Patients with CLL may have both disease-associated and systemic treatment-associated immune dysfunction, leaving them vulnerable to infection.
Many HIV-associated cancers develop with the help of oncoviruses — some of which are sexually transmitted.
Postapproval studies are needed to further characterize the risk and long-term safety of immune checkpoint inhibition.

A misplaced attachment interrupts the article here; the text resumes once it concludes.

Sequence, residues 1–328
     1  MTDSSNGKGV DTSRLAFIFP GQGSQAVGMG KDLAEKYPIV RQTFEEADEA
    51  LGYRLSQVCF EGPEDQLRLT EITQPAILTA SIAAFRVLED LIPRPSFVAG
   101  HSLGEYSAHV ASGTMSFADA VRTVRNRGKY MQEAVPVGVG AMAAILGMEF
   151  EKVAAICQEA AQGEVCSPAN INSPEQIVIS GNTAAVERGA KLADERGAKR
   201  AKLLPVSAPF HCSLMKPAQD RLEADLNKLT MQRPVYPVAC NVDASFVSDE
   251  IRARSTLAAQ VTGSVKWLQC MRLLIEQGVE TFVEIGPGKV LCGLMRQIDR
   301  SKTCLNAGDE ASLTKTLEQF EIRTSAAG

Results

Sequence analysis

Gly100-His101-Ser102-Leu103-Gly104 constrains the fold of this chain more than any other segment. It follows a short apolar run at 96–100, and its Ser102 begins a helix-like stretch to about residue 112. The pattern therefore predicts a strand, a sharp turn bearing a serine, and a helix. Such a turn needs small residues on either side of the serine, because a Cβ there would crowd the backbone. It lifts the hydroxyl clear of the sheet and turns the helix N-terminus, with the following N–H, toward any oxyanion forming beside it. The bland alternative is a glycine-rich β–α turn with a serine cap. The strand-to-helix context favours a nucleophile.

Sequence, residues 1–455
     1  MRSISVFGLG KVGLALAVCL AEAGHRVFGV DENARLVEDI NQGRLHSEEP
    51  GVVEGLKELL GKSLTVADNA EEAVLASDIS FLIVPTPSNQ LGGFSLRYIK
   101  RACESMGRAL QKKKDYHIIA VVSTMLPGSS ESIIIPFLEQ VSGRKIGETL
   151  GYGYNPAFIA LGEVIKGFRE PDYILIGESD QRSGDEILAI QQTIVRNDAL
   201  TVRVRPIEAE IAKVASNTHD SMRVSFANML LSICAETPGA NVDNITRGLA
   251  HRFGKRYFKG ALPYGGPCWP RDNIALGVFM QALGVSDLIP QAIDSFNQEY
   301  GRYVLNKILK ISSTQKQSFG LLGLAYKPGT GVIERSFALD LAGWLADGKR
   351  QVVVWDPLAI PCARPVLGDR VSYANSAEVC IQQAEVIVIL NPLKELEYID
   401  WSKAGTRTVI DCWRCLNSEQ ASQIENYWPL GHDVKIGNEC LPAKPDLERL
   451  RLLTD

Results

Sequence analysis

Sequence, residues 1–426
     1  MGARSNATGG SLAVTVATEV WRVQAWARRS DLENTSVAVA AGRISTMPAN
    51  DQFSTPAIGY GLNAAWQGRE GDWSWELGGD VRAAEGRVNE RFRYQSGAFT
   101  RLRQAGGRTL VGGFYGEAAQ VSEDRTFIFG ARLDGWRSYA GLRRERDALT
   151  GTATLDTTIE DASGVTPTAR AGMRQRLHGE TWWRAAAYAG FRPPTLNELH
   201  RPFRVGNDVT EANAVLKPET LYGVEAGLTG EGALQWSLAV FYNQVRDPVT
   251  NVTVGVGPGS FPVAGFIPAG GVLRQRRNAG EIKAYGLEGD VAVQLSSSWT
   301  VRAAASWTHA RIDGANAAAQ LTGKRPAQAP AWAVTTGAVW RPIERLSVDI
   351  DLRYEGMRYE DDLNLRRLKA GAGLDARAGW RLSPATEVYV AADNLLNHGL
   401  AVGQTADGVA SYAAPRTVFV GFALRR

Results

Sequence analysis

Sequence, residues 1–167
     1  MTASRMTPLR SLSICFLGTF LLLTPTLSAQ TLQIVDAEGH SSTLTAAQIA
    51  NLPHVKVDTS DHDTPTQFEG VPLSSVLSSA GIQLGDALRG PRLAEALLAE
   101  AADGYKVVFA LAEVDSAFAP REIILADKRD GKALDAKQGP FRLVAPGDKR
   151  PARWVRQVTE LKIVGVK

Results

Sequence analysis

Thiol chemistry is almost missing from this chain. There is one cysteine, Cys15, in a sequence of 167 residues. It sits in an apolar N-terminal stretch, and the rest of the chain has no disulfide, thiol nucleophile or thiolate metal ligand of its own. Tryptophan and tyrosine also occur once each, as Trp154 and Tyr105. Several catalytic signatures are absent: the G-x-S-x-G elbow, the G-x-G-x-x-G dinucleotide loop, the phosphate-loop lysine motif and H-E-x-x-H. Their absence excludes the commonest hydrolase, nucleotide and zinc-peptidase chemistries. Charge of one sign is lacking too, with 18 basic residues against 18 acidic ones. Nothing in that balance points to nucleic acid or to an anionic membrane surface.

Knowing that food increases the absorption of some therapies presents the possibility of easily — and significantly — lowering treatment costs.
Preclinical models indicated that dual inhibition of BTK and BCL2 may be synergistic.
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